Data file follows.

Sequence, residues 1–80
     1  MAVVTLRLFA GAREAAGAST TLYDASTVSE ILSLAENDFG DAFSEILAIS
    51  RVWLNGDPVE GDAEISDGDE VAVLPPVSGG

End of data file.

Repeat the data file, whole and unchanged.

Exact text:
Sequence, residues 1–80
     1  MAVVTLRLFA GAREAAGAST TLYDASTVSE ILSLAENDFG DAFSEILAIS
    51  RVWLNGDPVE GDAEISDGDE VAVLPPVSGG